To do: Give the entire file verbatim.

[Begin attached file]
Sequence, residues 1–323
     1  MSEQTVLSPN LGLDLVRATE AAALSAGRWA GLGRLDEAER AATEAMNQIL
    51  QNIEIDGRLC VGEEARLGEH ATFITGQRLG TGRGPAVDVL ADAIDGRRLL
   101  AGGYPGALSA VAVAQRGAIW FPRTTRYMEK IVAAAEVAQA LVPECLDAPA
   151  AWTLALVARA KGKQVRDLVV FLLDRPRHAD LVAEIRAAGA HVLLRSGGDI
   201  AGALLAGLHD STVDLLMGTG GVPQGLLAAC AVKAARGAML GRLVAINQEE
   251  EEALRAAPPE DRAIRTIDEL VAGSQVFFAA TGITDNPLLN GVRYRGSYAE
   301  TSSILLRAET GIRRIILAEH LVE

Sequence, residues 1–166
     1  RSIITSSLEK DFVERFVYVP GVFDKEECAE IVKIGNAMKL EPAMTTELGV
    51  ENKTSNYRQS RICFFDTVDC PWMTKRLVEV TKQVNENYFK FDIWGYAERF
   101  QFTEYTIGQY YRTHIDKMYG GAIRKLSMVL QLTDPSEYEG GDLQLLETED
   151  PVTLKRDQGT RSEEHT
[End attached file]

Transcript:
Sequence, residues 1–323
     1  MSEQTVLSPN LGLDLVRATE AAALSAGRWA GLGRLDEAER AATEAMNQIL
    51  QNIEIDGRLC VGEEARLGEH ATFITGQRLG TGRGPAVDVL ADAIDGRRLL
   101  AGGYPGALSA VAVAQRGAIW FPRTTRYMEK IVAAAEVAQA LVPECLDAPA
   151  AWTLALVARA KGKQVRDLVV FLLDRPRHAD LVAEIRAAGA HVLLRSGGDI
   201  AGALLAGLHD STVDLLMGTG GVPQGLLAAC AVKAARGAML GRLVAINQEE
   251  EEALRAAPPE DRAIRTIDEL VAGSQVFFAA TGITDNPLLN GVRYRGSYAE
   301  TSSILLRAET GIRRIILAEH LVE

Sequence, residues 1–166
     1  RSIITSSLEK DFVERFVYVP GVFDKEECAE IVKIGNAMKL EPAMTTELGV
    51  ENKTSNYRQS RICFFDTVDC PWMTKRLVEV TKQVNENYFK FDIWGYAERF
   101  QFTEYTIGQY YRTHIDKMYG GAIRKLSMVL QLTDPSEYEG GDLQLLETED
   151  PVTLKRDQGT RSEEHT